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It’s a hashtag I’ve been using all week, somewhat tongue-in-cheek, but somewhat serious. The Blackhawks’ soon-to-be 24-year-old winger has 2 goals and 4 assists in six games this season, which comes out to a 55-point pace.
But there’s more to his game than the numbers. Kurashev has emerged as one of the team’s most reliable two-way forwards.
Before Tyler Johnson went down with an injury in Tuesday’s win over the Panthers, Kurashev was on a line with Sam Lafferty and Jason Dickinson. Up to that point, their line was the Blackhawks’ most effective. When Johnson went down, Kurashev moved up to Jonathan Toews and Taylor Raddysh’s line. Suddenly, that line has been most effective.
This from the Sun-Times’ Ben Pope:
Kurashev’s and Toews’ expected-goals rate during 32 minutes together (at five-on-five) is a stellar 65.4%; Toews’ expected-goals rate when not with Kurashev is 42.2%. Kurashev’s and Dickinson’s rate during 45 minutes together is 58.3%; Dickinson’s rate without Kurashev is 33.5%. Similar trends hold true for Raddysh’s and Lafferty’s rates with and without Kurashev.
The numbers show it. The eye test shows it. Kurashev is a piece the Hawks can rely on for years to come. He’s a restricted free agent this summer, so the Hawks don’t have to worry about losing him. His qualifying offer would be a one-year deal at $787,500, which would be a steal for a player of Kurashev’s talent level. However, might it make sense for Kyle Davidson to reward Kurashev with a new, longer, slightly richer deal to keep him around long-term? If he could lock him into a four-year deal at $2.5 million a year, it’s more money and security for Kurashev up front, which is obviously tempting for him.
Meanwhile, the Hawks get some longer-term financial security of their own.
Either way, despite being one of Stan Bowman’s players, Kurashev has earned the right to be in Chicago when the team is ready to compete again.
What to do without Seth Jones?
It will be interesting to see what the Blackhawks decide to do with Jones’ roster spot. Filip Roos jumped in for Jones on Sunday night, and played pretty well. I’d like to see Roos get an extended chance to see what he can do. His defensive partner (and Seth’s younger brother) Caleb Jones has stepped up his game lately. They seem to be a pretty solid match as a pairing.
Luke Richardson has shown patience with his line combinations, and it’s a safe assumption he’ll do the same with his defensive pairs. With Jones on the shelf, and likely headed to IR, the Hawks only have six defensemen on the roster. Richardson implied the team would look to Rockford for a call-up, but they’ve also shown some hesitance in taking a kid away from the big ice time opportunities they get with the Ice Hogs.
Could the Hawks look to a waiver claim, or even a trade, to bring in another low-cost, veteran defenseman? It seems unlikely, but if there’s another Jarred Tinordi out there, it might be worth a look. I want Roos playing in the NHL. I want Alec Regula and Alex Vlasic playing games. It makes zero sense for the team to call up a kid and have them sit in the press box.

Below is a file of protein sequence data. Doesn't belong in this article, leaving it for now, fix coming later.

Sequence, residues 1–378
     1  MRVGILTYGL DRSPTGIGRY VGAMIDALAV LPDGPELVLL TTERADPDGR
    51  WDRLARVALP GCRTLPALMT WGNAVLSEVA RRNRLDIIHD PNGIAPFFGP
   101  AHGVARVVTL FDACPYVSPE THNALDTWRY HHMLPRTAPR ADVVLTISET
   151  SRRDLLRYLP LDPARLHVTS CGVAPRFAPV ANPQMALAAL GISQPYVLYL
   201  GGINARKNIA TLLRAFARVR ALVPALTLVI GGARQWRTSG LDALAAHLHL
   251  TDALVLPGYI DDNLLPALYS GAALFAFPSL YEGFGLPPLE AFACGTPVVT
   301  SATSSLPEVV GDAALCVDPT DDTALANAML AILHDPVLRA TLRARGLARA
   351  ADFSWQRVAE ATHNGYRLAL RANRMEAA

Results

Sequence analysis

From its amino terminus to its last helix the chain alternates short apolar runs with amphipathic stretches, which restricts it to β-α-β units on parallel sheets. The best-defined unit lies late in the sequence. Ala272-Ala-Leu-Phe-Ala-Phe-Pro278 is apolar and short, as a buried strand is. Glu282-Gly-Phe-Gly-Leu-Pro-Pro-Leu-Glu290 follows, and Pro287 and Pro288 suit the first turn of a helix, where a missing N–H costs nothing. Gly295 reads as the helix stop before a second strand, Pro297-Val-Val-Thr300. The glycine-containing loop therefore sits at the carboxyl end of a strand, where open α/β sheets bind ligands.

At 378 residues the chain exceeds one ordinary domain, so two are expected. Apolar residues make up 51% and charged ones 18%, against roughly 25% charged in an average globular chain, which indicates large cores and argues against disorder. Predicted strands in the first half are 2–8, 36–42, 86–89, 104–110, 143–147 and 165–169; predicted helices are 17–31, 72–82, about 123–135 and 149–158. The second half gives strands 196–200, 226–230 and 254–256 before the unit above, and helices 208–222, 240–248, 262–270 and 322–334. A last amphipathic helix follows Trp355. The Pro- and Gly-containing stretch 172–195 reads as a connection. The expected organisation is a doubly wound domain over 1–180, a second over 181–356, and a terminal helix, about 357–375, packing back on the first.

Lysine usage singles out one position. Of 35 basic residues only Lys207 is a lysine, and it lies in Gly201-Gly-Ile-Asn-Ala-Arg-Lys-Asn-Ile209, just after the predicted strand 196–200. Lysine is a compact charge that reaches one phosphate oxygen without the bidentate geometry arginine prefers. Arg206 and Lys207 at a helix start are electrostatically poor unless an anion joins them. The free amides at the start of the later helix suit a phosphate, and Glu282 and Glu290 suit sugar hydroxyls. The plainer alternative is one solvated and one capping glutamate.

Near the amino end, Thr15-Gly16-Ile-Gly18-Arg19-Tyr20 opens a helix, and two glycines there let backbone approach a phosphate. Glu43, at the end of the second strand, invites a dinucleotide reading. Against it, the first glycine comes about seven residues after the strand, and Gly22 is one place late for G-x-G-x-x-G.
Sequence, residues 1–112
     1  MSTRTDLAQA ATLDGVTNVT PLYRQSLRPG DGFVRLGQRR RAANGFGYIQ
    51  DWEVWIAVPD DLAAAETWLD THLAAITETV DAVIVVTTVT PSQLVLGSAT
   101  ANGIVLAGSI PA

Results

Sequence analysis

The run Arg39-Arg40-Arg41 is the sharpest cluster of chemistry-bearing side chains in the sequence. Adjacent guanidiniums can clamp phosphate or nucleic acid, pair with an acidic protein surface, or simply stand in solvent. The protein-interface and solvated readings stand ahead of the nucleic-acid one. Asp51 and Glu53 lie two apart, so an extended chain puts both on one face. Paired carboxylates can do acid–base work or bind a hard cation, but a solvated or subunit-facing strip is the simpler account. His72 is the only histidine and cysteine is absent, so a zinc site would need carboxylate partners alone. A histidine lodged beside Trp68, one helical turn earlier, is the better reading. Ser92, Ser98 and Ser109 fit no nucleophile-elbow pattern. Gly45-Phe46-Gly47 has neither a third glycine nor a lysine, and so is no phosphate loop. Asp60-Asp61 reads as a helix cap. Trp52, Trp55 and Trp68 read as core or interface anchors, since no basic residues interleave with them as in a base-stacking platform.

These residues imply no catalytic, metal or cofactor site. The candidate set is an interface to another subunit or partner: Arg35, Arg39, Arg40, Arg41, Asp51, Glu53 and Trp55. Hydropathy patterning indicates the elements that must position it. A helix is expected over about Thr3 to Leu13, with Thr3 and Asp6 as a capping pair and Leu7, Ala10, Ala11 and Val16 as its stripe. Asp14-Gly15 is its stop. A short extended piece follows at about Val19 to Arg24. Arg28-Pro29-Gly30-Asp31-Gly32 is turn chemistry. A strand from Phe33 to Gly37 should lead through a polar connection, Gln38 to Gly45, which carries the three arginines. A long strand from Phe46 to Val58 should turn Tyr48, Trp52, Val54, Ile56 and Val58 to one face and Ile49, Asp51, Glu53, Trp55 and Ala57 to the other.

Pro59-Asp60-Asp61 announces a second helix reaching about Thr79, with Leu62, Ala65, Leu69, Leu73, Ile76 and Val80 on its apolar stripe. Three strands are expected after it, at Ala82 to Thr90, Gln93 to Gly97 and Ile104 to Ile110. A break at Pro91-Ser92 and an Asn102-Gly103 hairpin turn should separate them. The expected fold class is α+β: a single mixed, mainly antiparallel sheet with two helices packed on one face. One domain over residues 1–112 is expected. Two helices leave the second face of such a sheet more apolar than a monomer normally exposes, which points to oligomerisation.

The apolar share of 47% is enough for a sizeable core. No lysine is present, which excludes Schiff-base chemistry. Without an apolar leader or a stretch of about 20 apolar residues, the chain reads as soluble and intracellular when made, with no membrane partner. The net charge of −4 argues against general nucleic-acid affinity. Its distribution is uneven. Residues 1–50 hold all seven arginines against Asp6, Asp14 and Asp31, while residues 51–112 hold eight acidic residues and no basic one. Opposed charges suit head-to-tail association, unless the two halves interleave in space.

That’s the dilemma.
Call up a kid and have them sit? Call up a kid and sit a veteran like Jack Johnson (who, by the way, led the Blackhawks in ice time Sunday night)? Sit Roos who has earned the right to remain in the lineup?
This is why I’m glad I’m not an NHL coach or GM.
On Tuesday morning, the Blackhawks placed Seth Jones on injured reserve as expected. Regula got the call-up, after all. Regula, a right-handed shot, plays the right side like Jones and had a bit more offense to his game than Vlasic. He got powerplay time during the preseason, and I would expect that to continue on nights he is in the lineup. I hope he finds himself in the lineup most nights in Jones’ absence.
Native American Heritage Night on Tuesday
Tuesday’s game against the New York Islanders is Native American Heritage Night at the United Center. Since Danny Wirtz and Jaime Faulkner took control of the organization, their Native American initiatives have grown substantially.
These nights are always special, but I encourage fans to take the opportunity to really take in what the Blackhawks have to offer on Tuesday.
My Blackhawks fandom, oddly enough, began my interest in Native American culture from a young age. Nights like this can have the same impact on fans young and old.
If you’d like to attend, feel free to use our Gametime link to save. Tickets for the game on Gametime were as low as $10 when I wrote this piece.
What I’m hearing…
All seems quiet on the “major transaction” front as of now, but one thing I’ve heard from multiple sources is that the team’s bond is really growing.
Earlier this week, Luke Richardson said, “We’re not a young team, but we’re a new team,” meaning most of these players are still getting to know each other on and off the ice. Anecdotally, being at practices and morning skates, you can sense a closeness forming. It feels different than it did when camp began, and Max Domi’s response to Tyson Jost’s hit on Patrick Kane Sunday night illustrated that bond. Troy Murray shared the same thoughts during Sunday’s broadcast, as well.
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